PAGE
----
"I saw photographs on another website of an exmormon meeting where one of the activities was making fun of the Mormon temple rites, garments, handshakes etc. I would never make fun of any one's religious ceremonies. Are all exmormons the type I saw in the photographs of that conference, making fun of what others hold sacred?"
    I understand what you are saying, and I can see your viewpoint. There are several things I would like to suggest to you, in response.

    First, if you got the impression that the exmormons at the conference were "making fun" of those things, you got an inaccurate impression. Actually, I was at that conference (Las Vegas, February 2001), and was the person in charge of that part of the program, and I assure you that the intention was not to make fun, but to educate. Although most of the people at the conference were exmormons, only about half of them had been endowed, and most of those only after the 1990 changes in the ritual. So the primary purpose of demonstrating the temple ritual was to inform those people about it. We had to make do with an extremely abbreviated summary, but we did demonstrate the covenants, the signs and tokens, and the ritual at the veil, both in the pre-1990 version and the present version. Again, because of time constraints, we had participants dressed only in the robes, not the white dress/trousers. Every effort was made to present the re-enactment in a straightforward and sober manner.

    For those who had already been endowed, it gave them an opportunity to see the ritual again from their new perspectives as exmormons. Afterwards I had many people come up to me and express their gratitude for having had the opportunity to see "what they had missed out on" (those who had never been endowed), or to see how the endowment has been changed (those who were endowed after 1990), and, for those who had always been awed or frightened or perplexed by "not feeling the spirit in the temple," the realization that there was no real "spirit" to feel, that it was just bogus. For the latter group, especially, it served as a healing, cathartic experience.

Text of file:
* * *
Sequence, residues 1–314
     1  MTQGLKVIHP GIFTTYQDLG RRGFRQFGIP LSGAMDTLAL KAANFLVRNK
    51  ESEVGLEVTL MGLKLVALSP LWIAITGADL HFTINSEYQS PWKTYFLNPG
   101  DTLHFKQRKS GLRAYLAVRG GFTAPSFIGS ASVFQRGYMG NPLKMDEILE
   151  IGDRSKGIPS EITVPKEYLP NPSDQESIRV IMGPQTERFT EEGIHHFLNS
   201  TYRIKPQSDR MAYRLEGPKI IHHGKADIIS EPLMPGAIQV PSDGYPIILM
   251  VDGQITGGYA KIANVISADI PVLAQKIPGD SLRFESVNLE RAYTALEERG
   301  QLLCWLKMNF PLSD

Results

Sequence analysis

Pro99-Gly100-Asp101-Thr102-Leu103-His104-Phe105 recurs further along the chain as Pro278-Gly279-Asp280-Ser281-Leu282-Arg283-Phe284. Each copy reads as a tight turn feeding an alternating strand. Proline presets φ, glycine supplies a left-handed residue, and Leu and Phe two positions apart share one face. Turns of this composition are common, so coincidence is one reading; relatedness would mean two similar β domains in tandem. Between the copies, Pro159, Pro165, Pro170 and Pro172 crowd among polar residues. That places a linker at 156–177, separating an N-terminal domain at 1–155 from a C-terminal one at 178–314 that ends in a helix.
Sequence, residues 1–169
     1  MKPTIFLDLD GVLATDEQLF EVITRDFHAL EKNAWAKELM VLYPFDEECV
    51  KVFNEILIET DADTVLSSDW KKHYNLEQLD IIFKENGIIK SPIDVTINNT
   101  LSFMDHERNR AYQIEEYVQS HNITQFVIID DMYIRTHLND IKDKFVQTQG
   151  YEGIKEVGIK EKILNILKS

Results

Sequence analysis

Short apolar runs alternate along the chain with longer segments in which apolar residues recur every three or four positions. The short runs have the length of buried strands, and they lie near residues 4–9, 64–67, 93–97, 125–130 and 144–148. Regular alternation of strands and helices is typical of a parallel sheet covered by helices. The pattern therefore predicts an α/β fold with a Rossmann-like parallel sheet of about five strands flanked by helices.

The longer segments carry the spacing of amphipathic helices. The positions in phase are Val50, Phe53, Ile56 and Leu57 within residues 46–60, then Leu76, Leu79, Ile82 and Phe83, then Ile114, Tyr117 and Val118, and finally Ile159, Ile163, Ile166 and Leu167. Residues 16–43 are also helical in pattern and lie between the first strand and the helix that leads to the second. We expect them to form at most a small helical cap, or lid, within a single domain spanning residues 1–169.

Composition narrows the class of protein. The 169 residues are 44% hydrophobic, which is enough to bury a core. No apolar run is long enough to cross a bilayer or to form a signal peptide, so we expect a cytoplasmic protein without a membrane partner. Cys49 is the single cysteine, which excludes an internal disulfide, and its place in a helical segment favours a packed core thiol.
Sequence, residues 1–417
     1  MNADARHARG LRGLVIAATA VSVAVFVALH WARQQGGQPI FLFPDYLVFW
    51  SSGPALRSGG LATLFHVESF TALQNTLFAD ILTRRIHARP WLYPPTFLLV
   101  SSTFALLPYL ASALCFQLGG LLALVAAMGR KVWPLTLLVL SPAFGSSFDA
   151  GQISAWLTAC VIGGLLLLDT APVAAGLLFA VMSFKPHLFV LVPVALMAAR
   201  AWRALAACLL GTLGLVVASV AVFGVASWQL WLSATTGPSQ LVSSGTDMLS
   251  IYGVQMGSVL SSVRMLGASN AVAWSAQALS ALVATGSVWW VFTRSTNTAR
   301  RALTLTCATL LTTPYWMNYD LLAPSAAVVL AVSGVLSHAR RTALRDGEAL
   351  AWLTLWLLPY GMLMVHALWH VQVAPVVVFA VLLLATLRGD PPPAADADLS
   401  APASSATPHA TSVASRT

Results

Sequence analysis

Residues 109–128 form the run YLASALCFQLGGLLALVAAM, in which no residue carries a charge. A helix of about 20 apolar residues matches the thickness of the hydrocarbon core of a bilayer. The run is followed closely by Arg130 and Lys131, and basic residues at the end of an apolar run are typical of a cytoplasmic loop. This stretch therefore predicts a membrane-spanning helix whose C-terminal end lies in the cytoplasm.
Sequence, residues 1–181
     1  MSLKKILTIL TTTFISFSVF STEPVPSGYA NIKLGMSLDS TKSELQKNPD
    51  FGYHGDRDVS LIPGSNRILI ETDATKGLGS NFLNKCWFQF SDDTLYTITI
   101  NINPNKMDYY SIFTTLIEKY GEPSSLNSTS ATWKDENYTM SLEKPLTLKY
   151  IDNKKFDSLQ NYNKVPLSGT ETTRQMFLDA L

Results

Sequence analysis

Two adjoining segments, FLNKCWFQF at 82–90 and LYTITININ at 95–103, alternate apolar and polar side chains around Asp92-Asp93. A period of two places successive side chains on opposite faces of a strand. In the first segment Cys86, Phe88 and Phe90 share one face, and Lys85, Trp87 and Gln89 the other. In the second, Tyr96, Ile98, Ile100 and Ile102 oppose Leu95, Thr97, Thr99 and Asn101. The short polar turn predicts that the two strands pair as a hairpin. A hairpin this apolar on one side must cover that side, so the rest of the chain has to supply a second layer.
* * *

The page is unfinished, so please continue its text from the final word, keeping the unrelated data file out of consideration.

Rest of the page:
Also, many exmormons are recovering from what was in some ways for them an emotionally crippling experience. They are truly "in recovery." They are struggling to rid themselves of the demons of fear and low self-esteem that Mormonism put into their minds. For some people in that situation, it is very helpful for them to laugh, scoff, rage and rant at their demons. That helps to rid their subconscious minds of them. For those people (and there were some at that conference), rage and ridicule are a healthy and necessary part of their recovery. I would not want to presume to suggest that they are acting improperly because some devout Mormons might be offended at how they are going about regaining their mental health. And so, yes, there were people watching the presentation who laughed or made comments to those sitting with them.

    I think, too, that it makes a difference that these activities were not in some public forum, but at a private conference, where only those who had paid their registration fees were admitted. It is not as though we were doing this on the corner of South Temple and Main Street in Salt Lake City, or on national television.

    Another thought: the idea that somehow it is wrong to treat anybody else's religious views as beyond the realm of disclosure, ridicule or sarcasm is, I think, an extreme and ultimately untenable position. If that were so, then Salmon Rushdie's novel The Satanic Verses should never have been published (and perhaps the general death warrant issued by the Muslim authorities is justified?) because it debases Mohammed's revelations; the musical Nunsense should never be performed, because it makes one laugh at the lives of Catholic nuns; King Kong never should have been filmed, because it shows native African religious rites in a negative light; The Apostle with Robert DuVal, or Elmer Gantry with Burt Lancaster, never should have been filmed, because those films show evangelical Christianity in a negative light. And so on...

    In fact, until 1990, the Mormon temple endowment ceremony, the most sacred religious rite in Mormonism, included a dramatization in which a Protestant minister was portrayed as a servant of Lucifer (Satan) and which mocked certain orthodox Christian beliefs as being absurd. So any protestation by Mormons that one "should not mock others' religions" must ring rather hollow.

    And, lastly, unless one is a devout Mormon, it really is hard not to laugh at the endowment ritual. So many people (non-Mormons) have commented, having read the script or heard it described, "That's ridiculous! Weird! Too stupid! Nobody can take that seriously! You're kidding me!" To put it another way, if you don't want to be laughed at, don't be ridiculous. And if you insist on acting ridiculous, don't resent people's laughter.

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©  2001 Richard Packham    Permission granted to reproduce for non-commercial purposes, provided text is not changed and this copyright notice is included


There is only one step from the sublime to the ridiculous. - Napoleon
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